By Gustavo Arellano
By R. Scott Moxley
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By Charles Lam
Illustration by Bob AulOC may be superior to LA in many ways, but until now the Colossus of the North remained unchallenged in at least one: 12-inch dolls with an unintentional dark side. North of the county line lies El Segundo, home of Mattel, whose Barbie doll has been the smiling face of body dysmorphia for generations.
Only one man could possibly measure up as Goodwill Ambassador for a Troubling Aspect of American Culture, and it's not the eunuch, Ken: it's George W. Bush.
The words "talking George W. Bush doll" instantly suggest liberals having fun at the malapropistic president's expense. Not so.
The Talkingpresidents.com website calls Bush "a true action hero," a generous description of someone who apparently couldn't serve out a cushy hitch in the Air National Guard without going AWOL for a year (Brennan, "A Charge Card to Keep," Jan. 19-25, 2001). Anyone still suspecting that the doll is the work of liberals need only visit the site's links page, which features nothing to the left of the Nixon Library or the Drudge Report.
Still, it may be surprising to learn that among the 17 genuine soundbites programmed into the doll, three are what polite journalists call "Bushisms," or, as Talkingpresidents.com delicately puts it, examples of Bush's "comedic use (or misuse) of the English language." Keep pushing the button on the doll's back, for example, and eventually you'll hear the word "subliminable."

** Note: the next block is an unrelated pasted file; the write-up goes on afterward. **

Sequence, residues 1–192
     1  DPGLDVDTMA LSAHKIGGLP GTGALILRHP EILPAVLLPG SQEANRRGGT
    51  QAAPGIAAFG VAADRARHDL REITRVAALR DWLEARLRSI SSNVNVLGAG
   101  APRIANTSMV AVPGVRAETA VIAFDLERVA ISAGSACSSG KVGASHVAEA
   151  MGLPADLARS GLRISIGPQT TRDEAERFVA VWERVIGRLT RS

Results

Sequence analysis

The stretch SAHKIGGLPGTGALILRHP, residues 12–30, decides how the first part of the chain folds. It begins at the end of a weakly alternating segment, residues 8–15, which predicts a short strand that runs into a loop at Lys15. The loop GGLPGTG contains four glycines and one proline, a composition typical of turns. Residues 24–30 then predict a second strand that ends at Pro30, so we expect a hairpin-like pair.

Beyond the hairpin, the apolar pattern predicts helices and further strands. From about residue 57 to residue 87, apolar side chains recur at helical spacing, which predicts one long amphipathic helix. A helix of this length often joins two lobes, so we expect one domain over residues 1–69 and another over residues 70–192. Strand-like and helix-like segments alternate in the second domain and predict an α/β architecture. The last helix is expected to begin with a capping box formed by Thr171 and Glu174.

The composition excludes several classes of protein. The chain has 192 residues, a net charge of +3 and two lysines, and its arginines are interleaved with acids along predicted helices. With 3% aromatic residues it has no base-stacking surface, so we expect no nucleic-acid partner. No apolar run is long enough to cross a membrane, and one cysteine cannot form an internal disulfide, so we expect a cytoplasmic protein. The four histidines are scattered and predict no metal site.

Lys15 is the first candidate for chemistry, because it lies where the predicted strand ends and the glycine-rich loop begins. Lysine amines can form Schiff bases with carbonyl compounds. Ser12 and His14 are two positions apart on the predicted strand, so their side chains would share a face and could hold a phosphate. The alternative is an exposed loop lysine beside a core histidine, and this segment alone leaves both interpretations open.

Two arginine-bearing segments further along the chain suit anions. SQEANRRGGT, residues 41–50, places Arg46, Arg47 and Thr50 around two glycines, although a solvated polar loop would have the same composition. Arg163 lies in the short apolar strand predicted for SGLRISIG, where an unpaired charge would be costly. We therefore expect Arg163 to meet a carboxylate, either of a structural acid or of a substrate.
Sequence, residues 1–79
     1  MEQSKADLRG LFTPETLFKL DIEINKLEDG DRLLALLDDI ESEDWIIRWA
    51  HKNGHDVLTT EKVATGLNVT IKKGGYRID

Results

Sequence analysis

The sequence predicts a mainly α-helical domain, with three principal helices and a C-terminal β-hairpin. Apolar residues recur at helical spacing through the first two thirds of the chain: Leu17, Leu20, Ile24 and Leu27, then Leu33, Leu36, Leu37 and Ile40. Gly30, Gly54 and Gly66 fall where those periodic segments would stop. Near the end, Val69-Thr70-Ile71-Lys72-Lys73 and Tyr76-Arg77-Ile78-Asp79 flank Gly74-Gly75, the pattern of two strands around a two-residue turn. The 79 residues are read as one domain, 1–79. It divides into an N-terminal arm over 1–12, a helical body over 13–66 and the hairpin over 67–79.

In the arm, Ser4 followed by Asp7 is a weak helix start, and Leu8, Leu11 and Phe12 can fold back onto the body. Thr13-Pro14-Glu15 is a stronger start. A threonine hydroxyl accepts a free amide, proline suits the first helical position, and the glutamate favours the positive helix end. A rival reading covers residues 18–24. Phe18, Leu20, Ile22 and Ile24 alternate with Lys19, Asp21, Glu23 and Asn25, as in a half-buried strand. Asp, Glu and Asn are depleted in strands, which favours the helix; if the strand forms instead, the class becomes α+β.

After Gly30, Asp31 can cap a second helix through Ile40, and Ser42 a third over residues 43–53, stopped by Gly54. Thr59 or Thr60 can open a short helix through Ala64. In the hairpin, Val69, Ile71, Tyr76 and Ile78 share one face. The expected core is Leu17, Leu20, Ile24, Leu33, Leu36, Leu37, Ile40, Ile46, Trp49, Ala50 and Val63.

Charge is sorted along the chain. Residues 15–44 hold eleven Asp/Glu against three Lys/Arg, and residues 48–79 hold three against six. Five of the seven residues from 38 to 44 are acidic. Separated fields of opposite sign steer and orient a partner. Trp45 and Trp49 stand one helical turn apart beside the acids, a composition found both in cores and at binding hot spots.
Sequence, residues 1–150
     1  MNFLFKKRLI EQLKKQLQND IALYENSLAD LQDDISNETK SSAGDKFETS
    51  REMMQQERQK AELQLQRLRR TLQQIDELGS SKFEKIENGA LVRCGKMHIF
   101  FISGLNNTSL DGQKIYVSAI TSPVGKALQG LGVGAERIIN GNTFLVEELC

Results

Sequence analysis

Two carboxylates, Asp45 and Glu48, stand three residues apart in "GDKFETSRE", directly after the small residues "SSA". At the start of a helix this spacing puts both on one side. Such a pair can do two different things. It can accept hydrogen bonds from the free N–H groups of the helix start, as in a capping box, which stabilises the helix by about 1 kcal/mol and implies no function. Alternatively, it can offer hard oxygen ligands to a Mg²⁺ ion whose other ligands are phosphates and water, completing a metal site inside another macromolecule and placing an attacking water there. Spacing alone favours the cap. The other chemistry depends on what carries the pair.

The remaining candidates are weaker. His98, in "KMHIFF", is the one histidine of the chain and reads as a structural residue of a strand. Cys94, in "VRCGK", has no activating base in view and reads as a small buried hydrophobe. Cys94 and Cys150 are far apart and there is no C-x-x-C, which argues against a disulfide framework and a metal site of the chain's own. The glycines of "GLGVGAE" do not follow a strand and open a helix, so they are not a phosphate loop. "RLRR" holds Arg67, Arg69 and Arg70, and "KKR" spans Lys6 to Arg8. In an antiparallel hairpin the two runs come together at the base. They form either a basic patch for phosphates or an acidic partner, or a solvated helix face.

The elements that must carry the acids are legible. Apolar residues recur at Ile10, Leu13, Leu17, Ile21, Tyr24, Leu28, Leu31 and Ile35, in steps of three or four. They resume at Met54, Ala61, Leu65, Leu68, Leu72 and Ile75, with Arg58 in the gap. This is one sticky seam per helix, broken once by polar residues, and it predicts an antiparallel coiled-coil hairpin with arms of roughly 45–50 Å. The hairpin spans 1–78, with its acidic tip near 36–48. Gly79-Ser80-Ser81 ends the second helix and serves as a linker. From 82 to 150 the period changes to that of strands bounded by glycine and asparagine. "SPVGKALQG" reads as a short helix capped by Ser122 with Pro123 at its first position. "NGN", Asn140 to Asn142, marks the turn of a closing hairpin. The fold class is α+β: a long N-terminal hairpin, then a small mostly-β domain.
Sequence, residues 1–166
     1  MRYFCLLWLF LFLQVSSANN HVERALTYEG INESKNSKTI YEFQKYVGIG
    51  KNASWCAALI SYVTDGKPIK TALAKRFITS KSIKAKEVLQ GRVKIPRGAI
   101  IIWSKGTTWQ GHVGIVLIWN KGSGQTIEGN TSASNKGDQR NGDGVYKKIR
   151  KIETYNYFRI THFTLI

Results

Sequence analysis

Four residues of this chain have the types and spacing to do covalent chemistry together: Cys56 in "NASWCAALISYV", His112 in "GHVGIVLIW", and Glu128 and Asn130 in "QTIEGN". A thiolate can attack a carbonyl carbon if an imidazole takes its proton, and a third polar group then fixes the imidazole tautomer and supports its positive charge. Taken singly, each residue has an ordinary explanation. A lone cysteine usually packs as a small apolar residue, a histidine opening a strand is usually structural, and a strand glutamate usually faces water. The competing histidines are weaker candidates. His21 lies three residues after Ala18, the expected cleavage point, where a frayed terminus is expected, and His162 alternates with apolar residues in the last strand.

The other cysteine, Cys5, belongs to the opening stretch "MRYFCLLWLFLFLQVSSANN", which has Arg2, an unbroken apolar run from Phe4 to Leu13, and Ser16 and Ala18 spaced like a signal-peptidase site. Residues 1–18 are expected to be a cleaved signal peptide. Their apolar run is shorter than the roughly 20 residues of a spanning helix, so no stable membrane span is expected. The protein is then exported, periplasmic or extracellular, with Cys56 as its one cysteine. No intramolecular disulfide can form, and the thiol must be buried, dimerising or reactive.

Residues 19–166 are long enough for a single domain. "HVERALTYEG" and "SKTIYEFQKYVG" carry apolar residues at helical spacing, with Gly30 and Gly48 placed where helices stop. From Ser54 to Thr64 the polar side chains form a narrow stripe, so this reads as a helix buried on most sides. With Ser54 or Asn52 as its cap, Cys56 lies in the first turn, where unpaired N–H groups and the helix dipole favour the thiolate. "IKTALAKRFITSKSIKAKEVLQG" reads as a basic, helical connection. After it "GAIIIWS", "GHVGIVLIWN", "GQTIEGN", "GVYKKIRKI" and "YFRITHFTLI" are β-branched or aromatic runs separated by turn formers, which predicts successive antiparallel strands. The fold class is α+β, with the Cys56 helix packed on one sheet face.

But the knots into which Bush ties his tongue have never been a problem for his supporters. In fact, according to Mark Crispin Miller, author of The Bush Dyslexicon: Observations on a National Disorder, White House handlers have spun Bush's thick tongue as proof that the president is a regular Joe. That helps obscure the fact that Bush is the Ivy League-educated son of one of the most powerful families in America, who became a millionaire trading on his family's connections.
A media studies professor at NYU, Miller originally intended his book on Bush's verbal gaffes as a work of humor. But while slogging his way through a mountain of error-laden transcripts, Miller found a pattern.
"Bush is not an imbecile," he told The Toronto Star in a November interview. "I think Bush is a sociopathic personality. I think he's incapable of empathy. . . . He has no trouble speaking off the cuff when he's speaking punitively, when he's talking about violence, when he's talking about revenge . . . It's only when he leaps off into the wild blue yonder of compassion, or idealism, or altruism, that he makes these hilarious mistakes."
As an example, Miller cites a phrase that is one of the doll's three Bushisms: "And you're working hard to put food on your family." According to Miller, Bush didn't make that mistake "because he's so stupid that he doesn't know how to say, 'Put food on your family's table.' It's because he doesn't care about people who can't put food on the table."
Of course, most people buying the Bush doll are unlikely to agree with Miller's argument—that when Bush "tries to talk about what this country stands for, or about democracy, he can't do it" because "he's all about punishment and death." They'll just smile happily as the doll talks about food on families and wait for "subliminable" to cycle back again.
"It would be a grave mistake to play [Bush] just for laughs," Miller told the Star. But if it's a mistake, it's a profitable one. According to CNN, Talkingpresident.com has already sold 10,000 dolls at $30 apiece. El Segundo beware.